Application: Useful for the flowering and fruiting stages of plant growth. Best for larger, mature plants in larger growing areas. Requires more vertical clearance that fluorescents or LEDs. Good canopy penetration with higher light output, requiring greater power consumption. Cooling may be required

HID: METAL HALIDE (MH):
Application: Useful for earlier vegetative stages of plant growth. Yields larger plants in larger growing areas. Requires more vertical clearance than florescent or LEDs. Good canopy penetration with higher light output, requiring greater power consumption. Cooling may be required

HID: CERAMIC METAL HALIDE (CMH):
Application: More expensive than conventional MH or HPS systems, but more efficient. Reduced heat output vs other HIDs. Excellent broad spectrum color, for all growth phases. Emitted UV light is good for plants but not good for prolonged human exposure.

LIGHT-EMITTING DIODE (LED):
Application: Good for all growth phases. LEDs come in the broadest range of configurations. Prices can be higher than comparable technologies. But improved energy efficiency can make up for higher price. LEDs continue to get more efficient at lower costs. Spectrums are custom designed by mixing multiple diodes. Colors can be tuned to match chlorophyll absorption spectrum for highest yields per watt. Prices and wattages can be selected on a per application basis. LEDs can be used as point sources suspended above a canopy. Or they can be placed in strips like a linear source for closer proximity. Much less heat generation than HIDs.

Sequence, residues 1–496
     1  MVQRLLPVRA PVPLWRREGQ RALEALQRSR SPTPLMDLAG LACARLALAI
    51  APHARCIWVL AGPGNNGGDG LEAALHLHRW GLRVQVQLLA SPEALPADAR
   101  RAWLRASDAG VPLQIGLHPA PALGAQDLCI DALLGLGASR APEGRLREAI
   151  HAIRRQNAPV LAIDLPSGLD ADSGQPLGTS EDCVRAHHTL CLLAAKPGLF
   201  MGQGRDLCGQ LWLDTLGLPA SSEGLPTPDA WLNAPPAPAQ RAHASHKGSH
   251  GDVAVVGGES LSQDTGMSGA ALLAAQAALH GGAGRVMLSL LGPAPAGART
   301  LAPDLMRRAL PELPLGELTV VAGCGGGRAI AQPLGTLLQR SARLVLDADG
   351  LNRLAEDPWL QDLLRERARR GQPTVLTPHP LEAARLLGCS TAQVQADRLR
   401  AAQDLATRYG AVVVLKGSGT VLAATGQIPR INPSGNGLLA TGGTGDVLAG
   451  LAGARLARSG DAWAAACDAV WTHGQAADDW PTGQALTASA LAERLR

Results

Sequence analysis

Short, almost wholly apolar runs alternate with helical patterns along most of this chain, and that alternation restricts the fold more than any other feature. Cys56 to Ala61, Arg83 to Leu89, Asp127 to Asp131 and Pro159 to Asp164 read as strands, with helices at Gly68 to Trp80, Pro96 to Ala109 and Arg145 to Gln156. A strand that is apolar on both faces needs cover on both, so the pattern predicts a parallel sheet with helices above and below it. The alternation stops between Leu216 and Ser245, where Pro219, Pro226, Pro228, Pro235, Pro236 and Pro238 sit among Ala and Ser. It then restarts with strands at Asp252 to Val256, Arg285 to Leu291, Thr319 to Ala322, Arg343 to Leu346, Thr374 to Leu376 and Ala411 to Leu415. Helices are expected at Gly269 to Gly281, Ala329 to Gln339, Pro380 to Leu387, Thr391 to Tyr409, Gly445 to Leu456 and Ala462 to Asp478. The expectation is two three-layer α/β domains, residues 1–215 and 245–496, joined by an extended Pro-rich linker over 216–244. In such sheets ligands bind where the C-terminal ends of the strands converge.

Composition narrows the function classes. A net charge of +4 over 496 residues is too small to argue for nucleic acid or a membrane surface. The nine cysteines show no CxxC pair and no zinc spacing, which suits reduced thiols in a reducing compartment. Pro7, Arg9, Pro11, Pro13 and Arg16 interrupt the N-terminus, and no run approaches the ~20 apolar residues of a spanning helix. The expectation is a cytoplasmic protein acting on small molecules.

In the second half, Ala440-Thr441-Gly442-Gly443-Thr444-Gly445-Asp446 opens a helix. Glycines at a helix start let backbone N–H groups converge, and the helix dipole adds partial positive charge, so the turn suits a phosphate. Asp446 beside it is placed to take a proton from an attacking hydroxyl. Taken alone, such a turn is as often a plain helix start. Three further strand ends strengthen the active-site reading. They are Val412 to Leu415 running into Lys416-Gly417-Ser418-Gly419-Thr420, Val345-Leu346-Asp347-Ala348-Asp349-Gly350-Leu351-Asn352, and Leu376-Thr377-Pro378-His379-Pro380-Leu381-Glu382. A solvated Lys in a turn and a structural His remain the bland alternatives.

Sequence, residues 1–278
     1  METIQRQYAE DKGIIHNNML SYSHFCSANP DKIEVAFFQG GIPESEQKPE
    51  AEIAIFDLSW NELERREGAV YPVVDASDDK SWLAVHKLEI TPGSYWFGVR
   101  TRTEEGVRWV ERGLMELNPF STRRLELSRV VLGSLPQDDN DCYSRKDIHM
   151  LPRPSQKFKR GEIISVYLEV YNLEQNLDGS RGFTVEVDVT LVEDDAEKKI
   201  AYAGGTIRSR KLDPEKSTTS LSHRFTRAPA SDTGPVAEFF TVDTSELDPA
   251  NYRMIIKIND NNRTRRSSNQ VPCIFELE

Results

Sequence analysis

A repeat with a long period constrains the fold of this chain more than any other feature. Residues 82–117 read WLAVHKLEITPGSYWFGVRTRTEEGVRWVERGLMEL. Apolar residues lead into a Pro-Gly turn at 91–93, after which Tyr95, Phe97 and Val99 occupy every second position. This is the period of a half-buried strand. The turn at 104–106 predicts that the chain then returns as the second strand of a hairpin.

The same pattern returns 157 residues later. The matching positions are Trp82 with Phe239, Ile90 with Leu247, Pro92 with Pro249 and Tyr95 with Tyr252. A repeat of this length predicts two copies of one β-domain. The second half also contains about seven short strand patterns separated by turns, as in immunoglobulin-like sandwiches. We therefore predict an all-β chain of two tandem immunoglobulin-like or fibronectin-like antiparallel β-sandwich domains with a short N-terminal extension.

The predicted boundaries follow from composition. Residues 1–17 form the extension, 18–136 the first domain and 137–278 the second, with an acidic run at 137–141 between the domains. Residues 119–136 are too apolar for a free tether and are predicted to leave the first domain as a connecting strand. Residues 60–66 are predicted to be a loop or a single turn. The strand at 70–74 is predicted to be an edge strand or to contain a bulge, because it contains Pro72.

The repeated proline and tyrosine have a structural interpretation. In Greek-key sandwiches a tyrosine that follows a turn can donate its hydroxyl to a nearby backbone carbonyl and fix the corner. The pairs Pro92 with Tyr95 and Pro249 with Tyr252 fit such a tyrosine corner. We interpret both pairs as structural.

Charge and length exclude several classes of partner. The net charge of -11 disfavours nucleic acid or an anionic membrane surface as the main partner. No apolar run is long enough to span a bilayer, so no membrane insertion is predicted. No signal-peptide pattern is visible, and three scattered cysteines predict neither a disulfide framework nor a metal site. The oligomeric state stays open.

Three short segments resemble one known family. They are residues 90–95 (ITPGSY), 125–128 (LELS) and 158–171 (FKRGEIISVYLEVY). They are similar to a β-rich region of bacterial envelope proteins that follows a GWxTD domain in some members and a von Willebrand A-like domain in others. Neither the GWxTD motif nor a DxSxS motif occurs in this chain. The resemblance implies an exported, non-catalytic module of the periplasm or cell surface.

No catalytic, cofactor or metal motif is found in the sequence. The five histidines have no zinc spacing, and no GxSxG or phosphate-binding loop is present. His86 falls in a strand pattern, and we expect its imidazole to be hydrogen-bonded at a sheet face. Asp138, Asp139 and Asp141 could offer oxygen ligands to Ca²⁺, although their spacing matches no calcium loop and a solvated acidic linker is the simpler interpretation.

Video: Apollo Horticulture GL60LED
Full Spectrum 180W LED Grow Light

Click: To check out this excellent, low cost Apollo LED UFO (full spectrum plant grow light)

One Size Does NOT Fit All

As seen above, there is a broad range of options for indoor growing. No single solution will be perfect for everyone. The key is to find to option(s) that work best for you. In time your usage might change and you might revisit the topic. In general though, here are some factors that will likely influence what type of light you decide to buy:

UPFRONT BUDGET: First ask yourself what your actual budget is. If you literally have no money, buying a couple CFLs might be your easiest option. Find a sunny windowsill and toss a couple CFLs above the plants. Alternately, some linear (straight tube) fluorescents would work ok for a low startup cost.

If you have a little extra money, T5s or HIDs might be worth considering. Even good LEDs could be purchased at less than $100. Large-scale operations will have a bigger budget and may focus on CMHs and/or LEDs.